- a thin, crisp biscuit.
- a firecracker.
- Also called cracker bonbon. a small paper roll used as a party favor, that usually contains candy, trinkets, etc., and that pops when pulled sharply at one or both ends.
- (initial capital letter) Slang: Sometimes Disparaging and Offensive. a native or inhabitant of Georgia or Florida (used as a nickname).
- Slang: Disparaging and Offensive. a contemptuous term used to refer to a white person in the South, especially a poor white living in some rural parts of the southeastern U.S.
- Slang. black hat(def 2).
- snapper(def 5).
- braggart; boaster.
- a person or thing that cracks.
- a chemical reactor used for cracking.Compare catalytic cracking, fractionator.
- crackers, Informal. wild; crazy: They went crackers over the new styles.
Origin of cracker
- a decorated cardboard tube that emits a bang when pulled apart, releasing a toy, a joke, or a paper hat
- short for firecracker
- a thin crisp biscuit, usually unsweetened
- a person or thing that cracks
- US another word for poor White offensive
- British slang a thing or person of notable qualities or abilities
- not worth a cracker Australian and NZ informal worthless; useless
Word Origin and History for cracker bonbon
mid-15c., "hard wafer," but the specific application to a thin, crisp biscuit is 1739; agent noun from crack (v.). Cracker-barrel (adj.) "emblematic of down-home ways and views" is from 1877.
Southern U.S. derogatory term for "poor, white trash" (1766), probably from mid-15c. crack "to boast" (e.g. not what it's cracked up to be), originally a Scottish word. Cf. Latin crepare "to rattle, crack, creak," with a secondary figurative sense of "boast of, prattle, make ado about."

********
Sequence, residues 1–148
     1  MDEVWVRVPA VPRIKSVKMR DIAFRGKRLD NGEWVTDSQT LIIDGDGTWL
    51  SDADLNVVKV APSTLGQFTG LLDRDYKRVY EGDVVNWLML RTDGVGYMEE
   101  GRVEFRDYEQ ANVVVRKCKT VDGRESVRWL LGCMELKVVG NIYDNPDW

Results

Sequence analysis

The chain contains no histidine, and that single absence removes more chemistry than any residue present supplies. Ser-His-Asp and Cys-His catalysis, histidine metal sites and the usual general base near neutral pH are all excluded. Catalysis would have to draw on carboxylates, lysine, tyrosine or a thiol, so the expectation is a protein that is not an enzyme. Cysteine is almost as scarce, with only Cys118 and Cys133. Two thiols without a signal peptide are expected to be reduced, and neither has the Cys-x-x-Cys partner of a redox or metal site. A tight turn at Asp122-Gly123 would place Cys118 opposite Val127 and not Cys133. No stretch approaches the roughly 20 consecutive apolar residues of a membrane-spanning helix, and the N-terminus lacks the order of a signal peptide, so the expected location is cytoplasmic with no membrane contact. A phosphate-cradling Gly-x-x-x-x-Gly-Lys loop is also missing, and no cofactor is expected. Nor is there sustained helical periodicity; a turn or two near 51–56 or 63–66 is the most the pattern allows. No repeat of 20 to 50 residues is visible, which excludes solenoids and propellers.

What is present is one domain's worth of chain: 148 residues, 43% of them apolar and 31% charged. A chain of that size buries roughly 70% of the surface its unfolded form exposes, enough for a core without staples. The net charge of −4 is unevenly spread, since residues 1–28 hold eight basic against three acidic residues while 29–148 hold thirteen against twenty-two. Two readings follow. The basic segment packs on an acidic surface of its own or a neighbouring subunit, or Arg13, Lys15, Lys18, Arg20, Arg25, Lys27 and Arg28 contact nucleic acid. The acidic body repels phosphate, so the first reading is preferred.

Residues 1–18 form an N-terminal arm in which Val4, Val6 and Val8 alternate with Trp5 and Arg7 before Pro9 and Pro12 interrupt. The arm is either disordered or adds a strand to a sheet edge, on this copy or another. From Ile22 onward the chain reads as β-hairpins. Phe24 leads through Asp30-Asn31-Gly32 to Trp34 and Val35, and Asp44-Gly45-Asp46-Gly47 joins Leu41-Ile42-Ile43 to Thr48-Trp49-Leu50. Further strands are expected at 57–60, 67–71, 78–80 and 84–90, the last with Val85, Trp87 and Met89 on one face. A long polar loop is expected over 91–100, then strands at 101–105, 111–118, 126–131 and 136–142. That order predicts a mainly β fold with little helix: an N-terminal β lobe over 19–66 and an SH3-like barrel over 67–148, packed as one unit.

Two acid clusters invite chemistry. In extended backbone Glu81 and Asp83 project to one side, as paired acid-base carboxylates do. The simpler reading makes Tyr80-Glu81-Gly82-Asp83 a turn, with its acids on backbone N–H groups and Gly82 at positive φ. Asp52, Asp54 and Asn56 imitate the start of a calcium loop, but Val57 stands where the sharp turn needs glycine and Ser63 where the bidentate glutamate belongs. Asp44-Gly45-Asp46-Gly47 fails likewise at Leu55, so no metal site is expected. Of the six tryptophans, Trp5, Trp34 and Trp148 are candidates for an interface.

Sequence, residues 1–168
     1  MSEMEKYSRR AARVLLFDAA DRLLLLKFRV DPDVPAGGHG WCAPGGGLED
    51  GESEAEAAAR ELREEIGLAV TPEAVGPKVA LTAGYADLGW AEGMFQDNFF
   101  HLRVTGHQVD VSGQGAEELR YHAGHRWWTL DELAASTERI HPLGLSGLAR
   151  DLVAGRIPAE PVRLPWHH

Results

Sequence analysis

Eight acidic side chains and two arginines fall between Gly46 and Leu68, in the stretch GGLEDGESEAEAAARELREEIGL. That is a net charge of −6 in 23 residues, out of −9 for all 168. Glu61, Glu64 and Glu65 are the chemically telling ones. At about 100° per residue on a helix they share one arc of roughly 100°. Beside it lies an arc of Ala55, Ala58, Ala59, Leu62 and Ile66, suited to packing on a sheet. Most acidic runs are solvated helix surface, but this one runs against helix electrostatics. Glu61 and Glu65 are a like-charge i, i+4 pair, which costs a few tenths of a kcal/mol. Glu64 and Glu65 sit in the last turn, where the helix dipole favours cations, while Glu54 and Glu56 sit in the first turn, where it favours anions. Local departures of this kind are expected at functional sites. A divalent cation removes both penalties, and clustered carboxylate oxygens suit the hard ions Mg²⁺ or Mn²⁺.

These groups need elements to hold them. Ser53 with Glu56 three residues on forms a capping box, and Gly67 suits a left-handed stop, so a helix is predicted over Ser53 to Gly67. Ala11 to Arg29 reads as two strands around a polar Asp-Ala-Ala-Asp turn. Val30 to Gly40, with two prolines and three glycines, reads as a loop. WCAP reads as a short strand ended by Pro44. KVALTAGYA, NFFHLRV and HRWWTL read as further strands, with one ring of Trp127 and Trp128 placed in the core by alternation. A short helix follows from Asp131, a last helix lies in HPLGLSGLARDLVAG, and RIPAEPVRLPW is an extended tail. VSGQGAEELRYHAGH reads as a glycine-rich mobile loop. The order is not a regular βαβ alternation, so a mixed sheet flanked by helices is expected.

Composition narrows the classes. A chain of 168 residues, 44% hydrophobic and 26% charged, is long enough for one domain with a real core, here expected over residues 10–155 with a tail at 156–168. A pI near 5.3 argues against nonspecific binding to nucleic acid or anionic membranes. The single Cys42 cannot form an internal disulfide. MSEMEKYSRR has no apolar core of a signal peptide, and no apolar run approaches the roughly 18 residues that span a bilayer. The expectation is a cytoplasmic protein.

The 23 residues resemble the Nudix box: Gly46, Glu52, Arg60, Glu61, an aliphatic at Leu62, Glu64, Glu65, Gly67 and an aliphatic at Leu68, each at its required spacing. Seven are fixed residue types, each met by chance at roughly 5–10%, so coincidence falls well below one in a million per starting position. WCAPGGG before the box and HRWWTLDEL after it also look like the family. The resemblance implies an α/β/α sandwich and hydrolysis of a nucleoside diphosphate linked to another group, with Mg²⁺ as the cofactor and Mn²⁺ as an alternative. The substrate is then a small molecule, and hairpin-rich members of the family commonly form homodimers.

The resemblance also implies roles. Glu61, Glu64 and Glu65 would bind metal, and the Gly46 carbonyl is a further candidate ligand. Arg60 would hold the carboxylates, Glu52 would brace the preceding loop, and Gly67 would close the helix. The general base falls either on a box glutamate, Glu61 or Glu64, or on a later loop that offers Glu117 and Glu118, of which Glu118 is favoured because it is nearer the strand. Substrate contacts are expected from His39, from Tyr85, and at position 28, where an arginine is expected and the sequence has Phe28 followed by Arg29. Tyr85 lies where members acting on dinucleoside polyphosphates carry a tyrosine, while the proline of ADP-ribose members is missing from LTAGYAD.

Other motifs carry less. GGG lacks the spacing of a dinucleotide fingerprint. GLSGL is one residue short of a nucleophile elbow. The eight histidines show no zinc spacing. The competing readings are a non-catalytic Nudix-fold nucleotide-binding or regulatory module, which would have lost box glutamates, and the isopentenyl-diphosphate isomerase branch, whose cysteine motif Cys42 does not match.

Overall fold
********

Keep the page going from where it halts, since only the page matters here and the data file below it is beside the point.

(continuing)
I should explain to your Lordship what is meant by crackers; a name they have got from being great boasters; they are a lawless set of rascalls on the frontiers of Virginia, Maryland, the Carolinas and Georgia, who often change their places of abode. [1766, G. Cochrane]
But DARE compares corn-cracker "poor white farmer" (1835, U.S. Midwest colloquial). Especially of Georgians by 1808, though often extended to residents of northern Florida. Another name in mid-19c. use was sand-hiller "poor white in Georgia or South Carolina."
Not very essentially different is the condition of a class of people living in the pine-barrens nearest the coast [of South Carolina], as described to me by a rice-planter. They seldom have any meat, he said, except they steal hogs, which belong to the planters, or their negroes, and their chief diet is rice and milk. "They are small, gaunt, and cadaverous, and their skin is just the color of the sand-hills they live on. They are quite incapable of applying themselves steadily to any labor, and their habits are very much like those of the old Indians." [Frederick Law Olmsted, "A Journey in the Seaboard Slave States," 1856]